Towards assessing subcortical “deep brain” biomarkers of PTSD with functional near-infrared spectroscopy

Stephanie Balters, Marc R. Schlichting, Lara Foland-Ross, Sabrina Brigadoi, Jonas G. Miller, Mykel J. Kochenderfer, Amy S. Garrett, Allan L. Reiss

Research output: Contribution to journalArticlepeer-review


Assessment of brain function with functional near-infrared spectroscopy (fNIRS) is limited to the outer regions of the cortex. Previously, we demonstrated the feasibility of inferring activity in subcortical “deep brain” regions using cortical functional magnetic resonance imaging (fMRI) and fNIRS activity in healthy adults. Access to subcortical regions subserving emotion and arousal using affordable and portable fNIRS is likely to be transformative for clinical diagnostic and treatment planning. Here, we validate the feasibility of inferring activity in subcortical regions that are central to the pathophysiology of posttraumatic stress disorder (PTSD; i.e. amygdala and hippocampus) using cortical fMRI and simulated fNIRS activity in a sample of adolescents diagnosed with PTSD (N = 20, mean age = 15.3 ± 1.9 years) and age-matched healthy controls (N = 20, mean age = 14.5 ± 2.0 years) as they performed a facial expression task. We tested different prediction models, including linear regression, a multilayer perceptron neural network, and a k-nearest neighbors model. Inference of subcortical fMRI activity with cortical fMRI showed high prediction performance for the amygdala (r > 0.91) and hippocampus (r > 0.95) in both groups. Using fNIRS simulated data, relatively high prediction performance for deep brain regions was maintained in healthy controls (r > 0.79), as well as in youths with PTSD (r > 0.75). The linear regression and neural network models provided the best predictions.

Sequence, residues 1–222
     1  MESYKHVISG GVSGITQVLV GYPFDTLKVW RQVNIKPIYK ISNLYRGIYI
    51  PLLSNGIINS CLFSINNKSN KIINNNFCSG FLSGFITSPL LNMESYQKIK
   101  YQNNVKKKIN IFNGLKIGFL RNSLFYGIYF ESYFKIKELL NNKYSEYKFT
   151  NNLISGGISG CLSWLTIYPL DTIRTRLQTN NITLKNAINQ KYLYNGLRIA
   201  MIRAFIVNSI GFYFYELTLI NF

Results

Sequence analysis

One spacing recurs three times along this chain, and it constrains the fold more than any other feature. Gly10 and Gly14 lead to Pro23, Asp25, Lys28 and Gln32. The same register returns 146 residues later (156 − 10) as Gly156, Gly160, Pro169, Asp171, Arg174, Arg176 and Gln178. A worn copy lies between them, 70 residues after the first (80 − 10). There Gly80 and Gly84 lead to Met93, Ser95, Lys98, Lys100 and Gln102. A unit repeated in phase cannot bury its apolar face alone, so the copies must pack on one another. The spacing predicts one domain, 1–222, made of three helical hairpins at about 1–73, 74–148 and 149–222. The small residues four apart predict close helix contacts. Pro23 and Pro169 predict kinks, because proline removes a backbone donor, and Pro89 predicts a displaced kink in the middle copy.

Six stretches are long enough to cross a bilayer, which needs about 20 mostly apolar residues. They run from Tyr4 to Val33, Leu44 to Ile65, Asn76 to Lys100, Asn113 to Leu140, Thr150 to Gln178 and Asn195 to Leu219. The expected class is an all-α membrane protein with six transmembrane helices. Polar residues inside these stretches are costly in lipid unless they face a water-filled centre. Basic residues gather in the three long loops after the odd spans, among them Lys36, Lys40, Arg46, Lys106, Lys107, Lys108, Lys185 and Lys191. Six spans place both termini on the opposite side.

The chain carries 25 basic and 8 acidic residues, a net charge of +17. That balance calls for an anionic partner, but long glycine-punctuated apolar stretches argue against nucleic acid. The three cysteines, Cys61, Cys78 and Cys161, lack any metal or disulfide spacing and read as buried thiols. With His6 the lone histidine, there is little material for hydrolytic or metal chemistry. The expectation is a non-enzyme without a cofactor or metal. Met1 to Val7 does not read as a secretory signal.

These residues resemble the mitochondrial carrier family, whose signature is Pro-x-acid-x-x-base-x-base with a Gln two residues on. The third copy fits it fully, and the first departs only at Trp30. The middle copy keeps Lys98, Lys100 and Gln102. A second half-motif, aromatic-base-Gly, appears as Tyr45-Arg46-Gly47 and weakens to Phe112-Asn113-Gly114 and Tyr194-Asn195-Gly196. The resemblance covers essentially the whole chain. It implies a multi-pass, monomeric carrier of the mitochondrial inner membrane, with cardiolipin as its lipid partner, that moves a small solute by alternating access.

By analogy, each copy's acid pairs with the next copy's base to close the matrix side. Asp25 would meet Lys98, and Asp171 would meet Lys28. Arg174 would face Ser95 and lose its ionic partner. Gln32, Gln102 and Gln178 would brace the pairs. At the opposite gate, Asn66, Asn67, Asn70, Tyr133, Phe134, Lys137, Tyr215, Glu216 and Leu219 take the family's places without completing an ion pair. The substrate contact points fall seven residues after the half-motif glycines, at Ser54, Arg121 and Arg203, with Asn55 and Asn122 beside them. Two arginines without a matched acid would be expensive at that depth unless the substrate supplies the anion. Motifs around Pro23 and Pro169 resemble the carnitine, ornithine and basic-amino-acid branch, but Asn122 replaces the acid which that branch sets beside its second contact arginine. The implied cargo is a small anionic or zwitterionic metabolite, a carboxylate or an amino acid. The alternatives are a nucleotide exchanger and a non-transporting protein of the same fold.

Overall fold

Original languageEnglish (US)
Pages (from-to)3969-3984
Number of pages16
JournalCerebral Cortex
Issue number7
StatePublished - Apr 1 2023


  • PTSD
  • fMRI
  • fNIRS
  • machine learning

ASJC Scopus subject areas

  • Cellular and Molecular Neuroscience
  • Cognitive Neuroscience


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